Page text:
I enjoy all forms of photography, though I don't claim to be any good at it.  Macro photography is especially a lot of fun  -  to look at a bug, or a seedpod, or a close-up of a leaf, is really entertaining. You get to feel like you're shrunk down to the size of your subject, and are looking at it close-up and life-size.

One of the problems with macrophotography though is lighting.  Furthermore, if you want to shoot real close-ups in the field, you don't want to be carrying heavy stuff around all day.

Of course, the fact that you want to shoot something small lends itself to being shot in a similarly small lightbox.  And hence, this instructable.

There are many way to make one of these little pieces of kit, but I will go through why I went this way, and why I chose the items I did.

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Step 1:

Pic 1 shows the items involved:  A tin, in this instance from a maker of small cigarillos, about 7.5  x  8.5  x  2  cms.  I used some foam to make a cutout to keep the parts from moving around. I used a LED ring which is intended to be an automobile side-light, which I've had for ages, and bought from China for a few dollars.  I use a 9v PP3 battery and clip, and finally a piece of paper to make the 'tent' of the lightbox.  Pic 2 shows some double-sided sticky pads which I used to put thing together.

There would be numerous different tins you could use for this exercise, but  chose a tin which was more or less rectangular so that the folded 'tent' of paper could be a reasonable size and squarish, without too many folds.

There are also numerous ways you could make a light source  -  I have this ring light, because it was hanging around. you could just as easily string a few LED's together to make numerous light sources - which would probably work even better.

I use a 9volt battery because they last a long time and are compact, and the LED ring is rated as 12v DC, so I din't have to mess about with any other components.  The thing is, this will be only lit up for short periods of time, every now & again, it's not a studio set-up.  Pic 3 shows how the whole lot fits into this little tin, nice & neat.

Step 2:

Pic 4 shows the way to cut out the piece of paper. I used regular printer paper at A4 size (UK standard)  and cut out a cross shape to make it easy to fold, and so it would take up less space when folded.

Pic 5 shows the piece of 5mm foam I used  -  with a cutout for the battery, and all the components sitting in the box, waiting to be put into action.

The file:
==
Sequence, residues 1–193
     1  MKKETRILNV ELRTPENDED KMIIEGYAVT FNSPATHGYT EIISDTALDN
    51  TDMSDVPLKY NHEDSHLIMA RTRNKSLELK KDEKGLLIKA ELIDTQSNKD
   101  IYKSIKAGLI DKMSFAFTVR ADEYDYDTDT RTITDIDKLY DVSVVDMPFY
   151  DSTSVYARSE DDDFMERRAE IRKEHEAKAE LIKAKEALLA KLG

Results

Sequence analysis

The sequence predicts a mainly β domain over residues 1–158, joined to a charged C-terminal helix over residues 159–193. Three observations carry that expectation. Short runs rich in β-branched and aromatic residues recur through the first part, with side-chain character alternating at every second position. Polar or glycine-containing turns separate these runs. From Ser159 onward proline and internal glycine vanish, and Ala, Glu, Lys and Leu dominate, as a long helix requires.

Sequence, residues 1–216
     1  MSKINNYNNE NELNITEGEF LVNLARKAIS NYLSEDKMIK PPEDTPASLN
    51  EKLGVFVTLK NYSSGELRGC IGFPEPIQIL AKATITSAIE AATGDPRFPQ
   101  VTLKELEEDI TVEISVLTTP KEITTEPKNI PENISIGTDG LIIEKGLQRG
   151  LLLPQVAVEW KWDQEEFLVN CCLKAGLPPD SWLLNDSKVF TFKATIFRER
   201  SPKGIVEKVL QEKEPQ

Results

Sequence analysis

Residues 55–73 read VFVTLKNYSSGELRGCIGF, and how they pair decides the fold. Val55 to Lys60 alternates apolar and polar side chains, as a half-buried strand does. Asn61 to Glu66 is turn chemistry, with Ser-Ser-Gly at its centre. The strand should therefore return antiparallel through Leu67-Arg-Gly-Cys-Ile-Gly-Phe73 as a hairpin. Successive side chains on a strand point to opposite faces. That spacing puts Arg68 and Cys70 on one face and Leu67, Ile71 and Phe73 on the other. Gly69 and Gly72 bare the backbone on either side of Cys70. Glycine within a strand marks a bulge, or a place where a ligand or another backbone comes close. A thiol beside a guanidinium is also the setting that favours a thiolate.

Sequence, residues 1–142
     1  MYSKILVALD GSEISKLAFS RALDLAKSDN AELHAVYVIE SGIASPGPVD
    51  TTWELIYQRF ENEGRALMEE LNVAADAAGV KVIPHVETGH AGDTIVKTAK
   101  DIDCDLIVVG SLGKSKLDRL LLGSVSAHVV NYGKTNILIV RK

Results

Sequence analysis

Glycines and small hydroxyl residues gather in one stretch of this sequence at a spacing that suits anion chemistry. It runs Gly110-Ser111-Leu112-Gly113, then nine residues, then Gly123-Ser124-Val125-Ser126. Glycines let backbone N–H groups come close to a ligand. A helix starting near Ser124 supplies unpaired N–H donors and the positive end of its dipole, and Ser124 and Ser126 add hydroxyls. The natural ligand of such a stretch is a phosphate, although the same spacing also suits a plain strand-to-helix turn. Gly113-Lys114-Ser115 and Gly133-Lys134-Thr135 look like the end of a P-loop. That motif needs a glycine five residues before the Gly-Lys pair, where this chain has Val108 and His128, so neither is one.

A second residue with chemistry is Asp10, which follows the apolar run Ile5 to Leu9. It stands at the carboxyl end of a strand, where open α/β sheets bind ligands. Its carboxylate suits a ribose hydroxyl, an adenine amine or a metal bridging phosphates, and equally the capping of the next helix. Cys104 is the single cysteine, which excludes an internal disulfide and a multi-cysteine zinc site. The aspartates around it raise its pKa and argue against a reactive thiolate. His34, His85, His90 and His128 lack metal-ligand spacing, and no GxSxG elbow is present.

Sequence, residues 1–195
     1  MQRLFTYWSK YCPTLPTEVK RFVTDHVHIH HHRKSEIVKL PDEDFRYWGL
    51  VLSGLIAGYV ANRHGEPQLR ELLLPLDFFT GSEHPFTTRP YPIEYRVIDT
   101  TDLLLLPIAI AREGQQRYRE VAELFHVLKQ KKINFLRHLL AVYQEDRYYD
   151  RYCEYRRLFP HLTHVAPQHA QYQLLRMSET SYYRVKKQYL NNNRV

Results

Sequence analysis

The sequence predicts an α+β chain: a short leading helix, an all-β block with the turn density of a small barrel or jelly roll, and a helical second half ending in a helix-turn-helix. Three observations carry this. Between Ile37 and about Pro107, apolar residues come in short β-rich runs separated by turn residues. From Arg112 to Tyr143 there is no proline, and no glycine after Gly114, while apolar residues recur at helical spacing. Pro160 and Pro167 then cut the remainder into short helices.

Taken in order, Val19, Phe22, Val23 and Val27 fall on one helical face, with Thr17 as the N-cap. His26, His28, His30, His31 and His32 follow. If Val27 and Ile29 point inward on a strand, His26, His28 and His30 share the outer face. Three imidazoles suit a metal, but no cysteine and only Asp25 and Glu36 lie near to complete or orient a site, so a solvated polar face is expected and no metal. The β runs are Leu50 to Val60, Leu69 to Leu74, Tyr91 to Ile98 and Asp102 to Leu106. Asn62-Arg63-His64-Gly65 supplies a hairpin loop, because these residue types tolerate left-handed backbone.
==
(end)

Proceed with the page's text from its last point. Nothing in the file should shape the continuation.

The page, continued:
The foam is stuck to the inside of the body of the tin using 6 double-sided sticky pads.  The paper is stuck to the lid with a further sticky pad.  If / when the paper becomes ratty, you just rip it out and put a new one in.

Pic 6 shows the ring light slipped in behind the paper 'tent' to illuminate the lightbox tent as evenly as possible.  Having got this far, I think I concluded that I may make up a couple of light units so they could be pointed in from each side, for even better illumination.

Step 3:

So there it is, a little lightbox you can carry round in your pocket.

And so to testing the thing,

Pic 7 is a little button, about 1cm across, shot inside the lighbox.

Pic 8 is the same item shot outside, in ambient light in my office, with the camera on the same settings. You can see that the version from inside the lightbox has considerably less shadow, and is overall better illuminated.

Pics 9 and 10 show a chip, again the first is inside the lightbox, and the second is outside, with similar observations.

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    6 Discussions

    avan der veer1
    avan der veer1

    5 years ago

    Nice! But i should like to see a picture of the complete "tent" in use, is that possible?


    5 years ago on Introduction

    I like the way this all folds into a tin. Nice idea, thanks for posting it :)


    7 years ago on Introduction

    That's why I bought my led ring too, but it ended up glued to the magnifying glass of my helping hand by my solder station :-)


    Reply 7 years ago on Introduction

    They're really useful and cost effective, I use one as a ringflash, as it fits great over the lens of my 'proper' camera. They are quite versatile.

    thanks for looking into my 'ible,


    7 years ago on Introduction

    Nice! That looks pretty handy to have with you when you are out and about.